A New Digital Frontier for Artists

Oakland and San Francisco based artist Asya Abdrahman’s life changed during the early days of the pandemic. Traditionally a creator of large, colorful and layered paintings, mixed media works, and sculptures, the limitations of her apartment courtyard as a place to work prompted her to pivot into digital artwork creation. She photographed her own paintings and began to create digital collages, layering one work upon another, varying light and color, taking new screen shots and utilizing each new digital fragment as seemed fit. She wove the separate layered digital images into a short meditative video. “At first I just called these efforts my digital doodles. I’d walk by my paintings and see the light reflected off them, and it gave me the inspiration to create a digital work capturing that experience. I wasn’t tech savvy.” But within a few months, she was posting five to ten or more new digital works on Instagram each day.

Abdrahman’s new foray into digital artwork coincided with the mid 2020 emergence of NFT artworks, which are digital art objects that can be bought and sold using cryptocurrencies. An NFT, or non-fungible token, is a digital certificate of authenticity for a digital object, whether an image, video, text, or code. NFTs are backed by blockchain technology and are created through a technical “minting” or certification process, making them “one-of-a-kind” collectible assets.

By the end of 2020, a number of online marketplaces for NFT artworks and other popular digital objects, such as digital sports trading cards, had been created, and news reports began to circulate about high-profile, multi-million-dollar sales. In March 2021, Christies sold its first all-digital artwork, a digital collage by artist Mike Winkleman, also known as Beeple, for $69 million. While such high value sales are not common, they have brought broader awareness of the possibilities of the new marketplace, which continues to grow exponentially. OpenSea and Rarible are among the more prominent sites used by artists.

In late 2020, Abdrahman learned how to mint her digital artworks as NFTs with the help of a “techie” who spent hours walking her through the process, starting with a photograph of one of her artworks in jpeg image form. “Coders, those young super nerds that are well-versed in this technology, think it’s so easy. But I found it very difficult.” Since that time, she has devoted hours to learning about the new technology which has the promise of creating new methods for preserving the identity, ownership, and authenticity of artwork, and opening up new marketplaces for its distribution and sale. Her goal is to train other artists to use the emerging technology and become familiar with the marketplace so that they can better control, protect, and sell their works.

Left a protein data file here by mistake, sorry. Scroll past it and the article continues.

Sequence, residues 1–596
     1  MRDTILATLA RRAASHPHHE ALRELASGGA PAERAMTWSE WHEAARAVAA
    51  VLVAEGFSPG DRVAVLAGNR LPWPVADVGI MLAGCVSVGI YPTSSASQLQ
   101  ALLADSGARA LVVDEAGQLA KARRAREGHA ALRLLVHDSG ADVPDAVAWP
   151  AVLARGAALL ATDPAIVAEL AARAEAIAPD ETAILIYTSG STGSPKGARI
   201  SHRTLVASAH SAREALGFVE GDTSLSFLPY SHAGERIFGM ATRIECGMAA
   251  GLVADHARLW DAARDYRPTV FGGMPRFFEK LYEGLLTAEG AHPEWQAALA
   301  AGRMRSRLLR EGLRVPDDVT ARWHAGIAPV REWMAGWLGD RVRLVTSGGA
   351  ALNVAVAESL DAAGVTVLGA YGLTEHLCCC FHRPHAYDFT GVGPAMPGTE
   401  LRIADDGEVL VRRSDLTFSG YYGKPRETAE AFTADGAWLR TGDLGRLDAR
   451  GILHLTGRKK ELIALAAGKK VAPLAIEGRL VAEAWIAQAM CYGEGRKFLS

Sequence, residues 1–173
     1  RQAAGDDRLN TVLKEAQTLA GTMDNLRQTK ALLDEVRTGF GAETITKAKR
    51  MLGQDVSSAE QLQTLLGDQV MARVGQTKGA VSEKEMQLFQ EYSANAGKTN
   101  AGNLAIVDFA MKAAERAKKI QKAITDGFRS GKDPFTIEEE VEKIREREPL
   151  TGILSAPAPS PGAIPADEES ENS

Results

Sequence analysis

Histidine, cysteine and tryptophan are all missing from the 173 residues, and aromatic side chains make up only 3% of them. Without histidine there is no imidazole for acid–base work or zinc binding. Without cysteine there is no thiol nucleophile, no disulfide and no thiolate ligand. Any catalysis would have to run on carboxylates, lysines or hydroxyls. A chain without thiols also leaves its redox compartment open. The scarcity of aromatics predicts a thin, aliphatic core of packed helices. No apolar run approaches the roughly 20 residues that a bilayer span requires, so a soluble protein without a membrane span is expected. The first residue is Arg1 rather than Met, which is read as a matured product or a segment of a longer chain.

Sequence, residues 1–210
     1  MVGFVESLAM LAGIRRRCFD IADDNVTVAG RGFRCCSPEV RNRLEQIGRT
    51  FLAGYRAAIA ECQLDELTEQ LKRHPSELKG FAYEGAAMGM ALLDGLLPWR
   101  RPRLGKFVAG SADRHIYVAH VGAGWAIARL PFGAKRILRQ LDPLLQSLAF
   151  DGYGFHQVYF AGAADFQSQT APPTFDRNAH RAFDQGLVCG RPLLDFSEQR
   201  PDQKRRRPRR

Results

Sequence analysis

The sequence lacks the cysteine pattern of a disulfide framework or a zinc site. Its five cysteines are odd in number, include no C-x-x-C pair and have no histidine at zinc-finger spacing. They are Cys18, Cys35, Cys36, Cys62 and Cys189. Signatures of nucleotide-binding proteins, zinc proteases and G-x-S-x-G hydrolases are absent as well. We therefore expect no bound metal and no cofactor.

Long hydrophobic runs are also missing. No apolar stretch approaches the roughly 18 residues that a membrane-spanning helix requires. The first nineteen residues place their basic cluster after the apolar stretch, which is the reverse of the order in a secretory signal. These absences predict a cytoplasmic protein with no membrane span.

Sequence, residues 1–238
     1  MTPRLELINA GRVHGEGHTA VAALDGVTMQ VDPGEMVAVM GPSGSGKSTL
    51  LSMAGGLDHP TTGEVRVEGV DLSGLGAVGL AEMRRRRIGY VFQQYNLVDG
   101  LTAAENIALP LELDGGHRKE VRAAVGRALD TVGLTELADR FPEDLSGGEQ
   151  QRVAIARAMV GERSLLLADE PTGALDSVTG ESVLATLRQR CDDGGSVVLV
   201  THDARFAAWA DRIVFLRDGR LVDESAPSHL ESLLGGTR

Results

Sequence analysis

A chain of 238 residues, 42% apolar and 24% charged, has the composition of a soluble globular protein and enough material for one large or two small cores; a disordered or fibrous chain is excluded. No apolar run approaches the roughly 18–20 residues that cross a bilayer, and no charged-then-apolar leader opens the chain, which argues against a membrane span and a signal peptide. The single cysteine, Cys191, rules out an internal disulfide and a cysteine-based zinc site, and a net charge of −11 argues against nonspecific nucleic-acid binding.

asya Abdrahman Digital Collage
Asya Abdrahman with Speaking Softly (wrapped poles) sml

“Artists can either create new digital artwork to mint as an NFT or use more traditional media. It’s a transition from an analog source – your painting or sculpture – to a digital source, and then to the NFT,” she explains. “When an NFT artwork is sold, the owner obtains rights to the unique digital object, but also, possibly, to a physical artwork, depending upon what the artist has created and intends to sell.” Abdrahman believes these sales can create sustainability for artists, not just those who create digital artworks, but creators of more traditional physical artworks as well. The marketplace can also provide greater control for artists over how the proceeds from a sale are distributed. “Some people think that all they have to do is take a few snippets of digital imagery, throw together a work, call it art and put it up for sale, but not all of this work can really be taken seriously.  At this time most NFT art has originated as digital art, because the physical artists are still figuring it out.”

Abdrahman was only six years old in 1981 when her family fled their East African homeland during a time of regional wars and settled in San Diego. Her artworks reflect her Somali, Eritrean, and Ethiopian heritages, and feature themes of cultural and environmental preservation and regeneration. Active in the Bay Area artist community, her artworks are often an integral part of projects related to building self-empowerment, education, and meeting local resource needs.  In 2020, with the pandemic-related closure and cancellation of Bay Area art exhibitions and programs, she founded the Kindness Grocery Cooperative which provided food and other resources to local artists and others facing food insecurity. The KGC mission has expanded to support sustainability and is now partially funded with donations from artists’ sales of NFT artworks. Her other many community projects include the Sun Village Artisan Corner, Pay It Forward Café, and a Water Sanctuary project at Point Reyes National Seashore demonstrating water capture through Icosahedron Fog Catchers. Her work has been shown in numerous galleries and installations. A lifelong learner with many academic credits, she readily acknowledges not focusing on college degrees or schools attended, but on “getting knowledge when I’m actually going to use it.”

Abdrahman served as juror for Arts Benicia’s summer 2021 art exhibition, That Which Surrounds You, reviewing digital photos to select the artworks to be included in the online-only exhibition. “Once you have a photograph of an artwork, you’re on your way to creating an NFT. All of those works could be minted and marketed on the new marketplace,” affirms Abdrahman. “You’re ready to go and take all these artists with you. Sotheby’s and Christies have stepped up, of course, but other galleries such as Arts Benicia are also positioned to step up as well.” There is so much to learn, but she aims to help the learning process along. To learn more about Abdrahman’s artwork and community projects, visit: